It is critical to comprehend what going digital in the construction industry actually entails, what it can achieve, and how it is more than just technology and involves coordination and collaboration writes Paul Wallett, Regional Director of Trimble Solutions, Middle East and India
Digitalisation is a broad term that has evolved into a requirement rather than a choice. Not utilising technology today would mean falling behind in the rapidly evolving world of competition. However, it is critical to comprehend what going digital in the construction industry actually entails, what it can achieve, and how it is more than just technology and involves coordination and collaboration as a whole society.
The construction industry is critical to a country’s growth, particularly in terms of good infrastructure, smart and sustainable construction, and complex structures. The UAE’s construction output is projected to achieve a CAGR of 3.9% during the 2022-2026 forecast period.
Market growth in the UAE is also expected to be supported by increased spending on construction activities, with several initiatives such as the Energy Strategy 2050, the Sheikh Zayed Housing Program, and the Dubai Tourism Strategy. Aside from developing smart cities, the government is also digitising 1,000 government services and installing 2,000 Wi-Fi hotspots across the country.
A country can thus ensure smart living through effective smart construction, as we see today in the GCC countries. Dubai for instance, has established itself as a top tourist destination in the UAE, drawing a large number of investors, as well as encouraging trade and new businesses. This expansion has been significantly aided by digitalisation and smart living. As a result, the economy of the nation is growing, further driving the government to increase its emphasis on technology adoption, digitalisation, and smart construction.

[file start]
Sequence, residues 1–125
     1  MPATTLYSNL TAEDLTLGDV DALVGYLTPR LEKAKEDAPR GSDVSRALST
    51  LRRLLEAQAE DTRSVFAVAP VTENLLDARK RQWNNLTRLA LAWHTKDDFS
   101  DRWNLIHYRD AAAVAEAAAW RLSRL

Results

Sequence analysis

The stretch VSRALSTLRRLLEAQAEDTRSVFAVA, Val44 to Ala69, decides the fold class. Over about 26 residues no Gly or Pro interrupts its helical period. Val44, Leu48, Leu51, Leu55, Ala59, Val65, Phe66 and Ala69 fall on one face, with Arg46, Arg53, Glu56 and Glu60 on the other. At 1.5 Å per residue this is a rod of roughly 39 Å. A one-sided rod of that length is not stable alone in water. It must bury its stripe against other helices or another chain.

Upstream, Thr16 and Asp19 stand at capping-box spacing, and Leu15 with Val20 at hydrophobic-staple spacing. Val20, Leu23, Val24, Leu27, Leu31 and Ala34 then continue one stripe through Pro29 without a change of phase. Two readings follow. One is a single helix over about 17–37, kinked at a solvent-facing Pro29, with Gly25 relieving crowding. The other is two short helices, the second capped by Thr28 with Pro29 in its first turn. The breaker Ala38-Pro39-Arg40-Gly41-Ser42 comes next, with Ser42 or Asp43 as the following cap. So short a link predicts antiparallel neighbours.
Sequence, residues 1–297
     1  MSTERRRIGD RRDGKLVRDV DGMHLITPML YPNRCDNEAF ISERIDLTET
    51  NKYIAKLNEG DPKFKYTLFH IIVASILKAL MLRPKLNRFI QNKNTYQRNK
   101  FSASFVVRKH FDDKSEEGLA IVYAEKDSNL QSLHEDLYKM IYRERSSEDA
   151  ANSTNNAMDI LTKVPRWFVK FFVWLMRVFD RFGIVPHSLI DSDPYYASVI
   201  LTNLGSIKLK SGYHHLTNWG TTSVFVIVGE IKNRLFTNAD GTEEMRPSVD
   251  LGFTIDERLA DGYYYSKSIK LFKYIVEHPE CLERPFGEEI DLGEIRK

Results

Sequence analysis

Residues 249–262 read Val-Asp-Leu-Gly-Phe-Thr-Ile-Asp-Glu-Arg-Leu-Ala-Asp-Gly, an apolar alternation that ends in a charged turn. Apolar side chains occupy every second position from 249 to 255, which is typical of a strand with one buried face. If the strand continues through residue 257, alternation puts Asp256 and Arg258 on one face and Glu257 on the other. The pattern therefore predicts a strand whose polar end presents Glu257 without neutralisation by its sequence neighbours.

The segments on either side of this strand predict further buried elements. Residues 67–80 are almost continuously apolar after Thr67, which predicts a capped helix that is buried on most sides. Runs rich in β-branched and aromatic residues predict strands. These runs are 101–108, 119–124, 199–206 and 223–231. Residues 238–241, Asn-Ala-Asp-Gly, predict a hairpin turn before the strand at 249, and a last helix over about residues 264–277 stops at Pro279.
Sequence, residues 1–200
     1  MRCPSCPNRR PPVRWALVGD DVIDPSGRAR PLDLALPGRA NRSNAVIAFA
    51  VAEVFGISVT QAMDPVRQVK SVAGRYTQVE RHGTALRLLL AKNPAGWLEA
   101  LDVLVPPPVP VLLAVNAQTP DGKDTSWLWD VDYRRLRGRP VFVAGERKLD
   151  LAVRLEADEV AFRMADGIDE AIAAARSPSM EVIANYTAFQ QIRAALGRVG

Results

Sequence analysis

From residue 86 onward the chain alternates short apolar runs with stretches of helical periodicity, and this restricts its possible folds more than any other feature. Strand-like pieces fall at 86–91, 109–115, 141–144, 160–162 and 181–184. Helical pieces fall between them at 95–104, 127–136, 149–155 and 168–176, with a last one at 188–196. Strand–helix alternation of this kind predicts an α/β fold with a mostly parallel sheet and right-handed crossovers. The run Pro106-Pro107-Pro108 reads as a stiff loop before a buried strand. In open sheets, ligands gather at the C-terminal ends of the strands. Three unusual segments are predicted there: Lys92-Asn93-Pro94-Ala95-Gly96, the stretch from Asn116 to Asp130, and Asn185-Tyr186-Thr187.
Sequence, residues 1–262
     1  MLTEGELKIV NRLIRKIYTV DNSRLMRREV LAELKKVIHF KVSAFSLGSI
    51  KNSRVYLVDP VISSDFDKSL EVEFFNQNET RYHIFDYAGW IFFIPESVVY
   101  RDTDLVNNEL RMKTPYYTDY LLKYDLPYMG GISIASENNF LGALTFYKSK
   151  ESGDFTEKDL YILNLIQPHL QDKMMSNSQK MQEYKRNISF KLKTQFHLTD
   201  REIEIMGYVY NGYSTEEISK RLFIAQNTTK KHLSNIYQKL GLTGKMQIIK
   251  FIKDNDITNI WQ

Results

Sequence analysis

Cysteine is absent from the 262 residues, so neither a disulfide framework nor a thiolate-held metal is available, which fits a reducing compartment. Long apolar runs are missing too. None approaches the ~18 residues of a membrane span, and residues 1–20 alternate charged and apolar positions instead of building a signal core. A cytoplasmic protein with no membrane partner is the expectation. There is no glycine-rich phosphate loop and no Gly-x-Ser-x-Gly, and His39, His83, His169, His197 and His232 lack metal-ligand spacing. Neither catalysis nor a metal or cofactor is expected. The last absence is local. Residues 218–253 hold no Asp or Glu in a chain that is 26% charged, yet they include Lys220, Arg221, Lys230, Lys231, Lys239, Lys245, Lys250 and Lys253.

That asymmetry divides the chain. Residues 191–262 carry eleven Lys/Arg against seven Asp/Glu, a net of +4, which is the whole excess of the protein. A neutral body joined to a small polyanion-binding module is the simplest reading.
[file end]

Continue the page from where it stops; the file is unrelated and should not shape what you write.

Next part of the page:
Digitalisation in construction, therefore, truly embodies the coordination and cooperation of an entire society. It is the combined efforts of various stakeholders, including the government, society, digital technology providers, construction companies, engineers, contractors, as well as educational bodies. It is also necessary that these stakeholders organise events, raise awareness of emerging technologies, and train the next generation of engineers. Eventually, the growth of the construction industry is largely due to the combined contributions of all the aforementioned components.
The construction industry in general has been slow to adopt digitalisation, but is now integrating itself into the digital age. Construction companies have recognised the advantages of emerging technologies in order to stay ahead of the competition by improving quality, focusing on safety, lowering costs, and increasing profits.
Modern construction technologies and trends such as building information modelling (BIM), digital twins, artificial intelligence, machine learning, and robotics are assisting construction professionals in simplifying complex projects, controlling project schedules and productivity, and linking every single device or equipment that works in the sector, thereby boosting operational efficiency.
Likewise, digital twins has also received a lot of attention lately. The technology makes it possible to replicate the physical world into a completely digital one. Digital twins may appear to be a new technology, as more businesses have become aware of it in recent times, however, NASA used the first digital twin on the Apollo 13 mission in 1970, which helped resolve a critical issue in the expedition.
It is evident that the government has strategies in place for its investments in infrastructure or new buildings, as well as how it will manage the capital investments to make it more sustainable. They can further streamline this process, determine the key variables, maximise productivity, and manage costs, with the aid of advanced technologies like digital twins, BIM and connected construction.
Ultimately, advanced construction solutions can contribute to government goals by ensuring fewer errors and mistakes, precise calculations, decreased risks and injuries, as well as reduced fuel consumption and carbon footprint, all of which contribute to successful outcomes, as demonstrated by several flagship projects in the country and beyond.
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